Great-great-grandson of eminent South Australian vigneron Thomas Hardy (1830-1912), Bill Hardy was the first Australian to study at the prestigious University of Bordeaux. He graduated with distinction with the Diplôme national d’œnologie, completing a vintage at the historic Château Bouscaut in the Graves district as practical experience.
On his return to Australia, Bill transferred his understanding and appreciation of French practices to Hardys winemaking, introducing the Bordeaux custom of rotating barrels at the end of the malolactic fermentation as a way of reducing oxygenation, as well as egg white fining, at that time uncommon in Australia, to produce softer, less tannic wines.
From early 1991 to the end of 1994, Bill was general manager of Domaine de la Baume vineyard in the Languedoc region of southern France. Hardys had bought the propery in run-down condition in order to produce varietally-labelled wines for the British market and promptly installed modern Australian-style winemaking facilities. whose capacity far exceeded la Baume’s modest yield. Bill’s solution was to persuade local growers, who would traditionally have made their own wine or sold grapes to the local cooperative, to change their ways, offering higher prices and prompt payment for harvests directed to la Baume.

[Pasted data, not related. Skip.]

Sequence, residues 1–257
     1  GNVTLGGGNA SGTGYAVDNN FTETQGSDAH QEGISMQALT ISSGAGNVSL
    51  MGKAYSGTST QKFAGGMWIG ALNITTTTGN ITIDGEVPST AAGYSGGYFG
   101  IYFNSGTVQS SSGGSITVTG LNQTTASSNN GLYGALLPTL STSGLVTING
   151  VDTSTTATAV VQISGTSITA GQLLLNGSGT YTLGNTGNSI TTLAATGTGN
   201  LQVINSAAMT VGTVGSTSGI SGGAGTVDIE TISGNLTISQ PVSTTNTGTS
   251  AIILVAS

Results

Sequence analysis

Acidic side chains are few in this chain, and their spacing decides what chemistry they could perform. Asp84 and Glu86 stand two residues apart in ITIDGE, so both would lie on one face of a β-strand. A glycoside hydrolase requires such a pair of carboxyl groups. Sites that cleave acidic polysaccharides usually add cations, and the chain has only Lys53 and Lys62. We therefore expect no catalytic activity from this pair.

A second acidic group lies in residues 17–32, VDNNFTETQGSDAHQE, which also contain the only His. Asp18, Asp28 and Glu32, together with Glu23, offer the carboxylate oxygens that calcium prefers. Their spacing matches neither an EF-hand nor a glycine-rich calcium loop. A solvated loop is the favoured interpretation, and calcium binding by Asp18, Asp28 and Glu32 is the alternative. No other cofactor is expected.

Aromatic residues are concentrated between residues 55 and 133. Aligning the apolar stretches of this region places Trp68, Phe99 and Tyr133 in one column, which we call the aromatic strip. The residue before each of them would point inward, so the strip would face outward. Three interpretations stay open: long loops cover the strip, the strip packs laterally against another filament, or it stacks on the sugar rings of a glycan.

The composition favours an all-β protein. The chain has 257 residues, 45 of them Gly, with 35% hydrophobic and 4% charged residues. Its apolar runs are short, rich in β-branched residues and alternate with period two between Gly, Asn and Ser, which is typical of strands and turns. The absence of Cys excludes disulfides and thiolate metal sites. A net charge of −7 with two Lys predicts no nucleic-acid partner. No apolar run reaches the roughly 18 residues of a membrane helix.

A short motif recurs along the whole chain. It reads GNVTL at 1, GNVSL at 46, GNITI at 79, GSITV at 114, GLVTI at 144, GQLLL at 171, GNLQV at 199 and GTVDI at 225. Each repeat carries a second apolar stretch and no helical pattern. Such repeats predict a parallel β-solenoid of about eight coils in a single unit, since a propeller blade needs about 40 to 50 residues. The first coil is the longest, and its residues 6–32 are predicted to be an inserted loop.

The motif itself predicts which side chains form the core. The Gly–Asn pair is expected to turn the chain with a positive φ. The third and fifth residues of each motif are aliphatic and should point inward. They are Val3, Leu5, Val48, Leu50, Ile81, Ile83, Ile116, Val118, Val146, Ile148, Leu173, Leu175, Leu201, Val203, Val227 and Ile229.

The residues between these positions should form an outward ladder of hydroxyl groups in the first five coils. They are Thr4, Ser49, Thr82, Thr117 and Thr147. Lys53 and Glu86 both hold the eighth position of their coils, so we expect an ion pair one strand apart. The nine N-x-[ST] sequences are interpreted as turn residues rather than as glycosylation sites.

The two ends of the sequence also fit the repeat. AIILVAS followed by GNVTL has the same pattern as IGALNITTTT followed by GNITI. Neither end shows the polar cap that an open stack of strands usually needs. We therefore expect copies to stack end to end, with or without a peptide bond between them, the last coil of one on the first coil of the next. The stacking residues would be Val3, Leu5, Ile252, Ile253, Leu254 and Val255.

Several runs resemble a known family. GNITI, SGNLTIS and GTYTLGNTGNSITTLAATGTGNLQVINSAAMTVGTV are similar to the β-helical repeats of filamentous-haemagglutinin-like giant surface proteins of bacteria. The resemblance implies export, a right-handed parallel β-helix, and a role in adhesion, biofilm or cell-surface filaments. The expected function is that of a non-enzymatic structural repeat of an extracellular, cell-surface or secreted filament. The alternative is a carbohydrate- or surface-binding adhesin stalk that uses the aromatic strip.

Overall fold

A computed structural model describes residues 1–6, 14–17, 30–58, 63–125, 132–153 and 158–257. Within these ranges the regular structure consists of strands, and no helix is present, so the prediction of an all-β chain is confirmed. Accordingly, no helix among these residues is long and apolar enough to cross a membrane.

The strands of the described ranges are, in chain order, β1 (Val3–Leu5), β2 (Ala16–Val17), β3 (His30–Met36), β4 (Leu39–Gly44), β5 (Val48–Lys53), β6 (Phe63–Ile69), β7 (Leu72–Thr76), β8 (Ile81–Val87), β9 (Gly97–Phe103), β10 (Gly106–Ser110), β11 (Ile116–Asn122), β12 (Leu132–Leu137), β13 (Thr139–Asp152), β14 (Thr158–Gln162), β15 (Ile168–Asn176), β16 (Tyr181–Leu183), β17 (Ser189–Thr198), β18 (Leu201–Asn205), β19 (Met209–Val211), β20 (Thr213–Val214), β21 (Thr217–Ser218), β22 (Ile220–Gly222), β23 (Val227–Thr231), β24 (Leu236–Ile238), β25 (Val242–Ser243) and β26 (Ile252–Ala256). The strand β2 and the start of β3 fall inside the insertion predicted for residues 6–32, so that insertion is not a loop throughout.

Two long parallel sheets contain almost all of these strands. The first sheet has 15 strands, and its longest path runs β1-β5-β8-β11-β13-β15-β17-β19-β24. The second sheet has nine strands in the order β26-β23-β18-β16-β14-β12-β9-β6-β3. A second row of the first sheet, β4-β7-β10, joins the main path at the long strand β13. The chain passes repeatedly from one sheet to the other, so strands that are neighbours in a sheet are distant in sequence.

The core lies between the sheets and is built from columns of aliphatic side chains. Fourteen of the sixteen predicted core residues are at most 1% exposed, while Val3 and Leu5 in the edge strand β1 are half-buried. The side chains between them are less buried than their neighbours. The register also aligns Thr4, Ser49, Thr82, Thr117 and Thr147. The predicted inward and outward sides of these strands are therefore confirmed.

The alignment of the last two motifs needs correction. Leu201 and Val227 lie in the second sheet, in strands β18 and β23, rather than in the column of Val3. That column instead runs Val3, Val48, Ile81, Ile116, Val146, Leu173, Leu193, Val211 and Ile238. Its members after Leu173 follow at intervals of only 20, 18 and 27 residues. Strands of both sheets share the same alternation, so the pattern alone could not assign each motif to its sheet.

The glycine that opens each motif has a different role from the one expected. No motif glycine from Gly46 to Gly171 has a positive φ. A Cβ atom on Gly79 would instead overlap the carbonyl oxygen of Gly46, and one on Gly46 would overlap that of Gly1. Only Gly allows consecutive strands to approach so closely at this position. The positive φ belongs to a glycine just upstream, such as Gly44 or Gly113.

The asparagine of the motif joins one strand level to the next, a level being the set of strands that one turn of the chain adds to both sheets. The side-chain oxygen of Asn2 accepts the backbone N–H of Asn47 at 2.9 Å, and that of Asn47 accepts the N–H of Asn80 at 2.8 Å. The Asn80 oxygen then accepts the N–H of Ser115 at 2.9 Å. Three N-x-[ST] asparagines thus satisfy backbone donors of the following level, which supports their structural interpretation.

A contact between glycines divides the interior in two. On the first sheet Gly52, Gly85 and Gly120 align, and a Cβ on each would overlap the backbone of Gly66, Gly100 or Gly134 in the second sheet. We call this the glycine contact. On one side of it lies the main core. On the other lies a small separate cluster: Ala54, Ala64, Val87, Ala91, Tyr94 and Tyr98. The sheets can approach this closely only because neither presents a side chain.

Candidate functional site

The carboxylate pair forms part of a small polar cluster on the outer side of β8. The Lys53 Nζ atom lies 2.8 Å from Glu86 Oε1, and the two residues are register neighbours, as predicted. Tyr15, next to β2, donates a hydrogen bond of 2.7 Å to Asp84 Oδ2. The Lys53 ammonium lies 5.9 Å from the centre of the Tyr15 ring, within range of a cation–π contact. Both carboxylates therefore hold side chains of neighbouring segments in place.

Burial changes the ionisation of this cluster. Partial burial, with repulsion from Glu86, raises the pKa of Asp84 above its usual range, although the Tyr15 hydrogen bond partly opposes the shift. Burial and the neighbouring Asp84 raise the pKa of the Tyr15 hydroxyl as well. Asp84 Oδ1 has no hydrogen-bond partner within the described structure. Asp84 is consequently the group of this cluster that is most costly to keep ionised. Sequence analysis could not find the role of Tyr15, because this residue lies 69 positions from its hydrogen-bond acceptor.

Another innovation was the introduction of night harvesting, a practice already common in Australia. Bill gradually overcame the initial reluctance of the operators by working with them and by communicating with growers, assuring them that night-harvested grapes would make better wine than their neighbours’ traditional practices.
Bill remains active in the Australian wine industry while also serving as an international wine judge, most recently at the Vinalies Internationales wine competitions in Paris.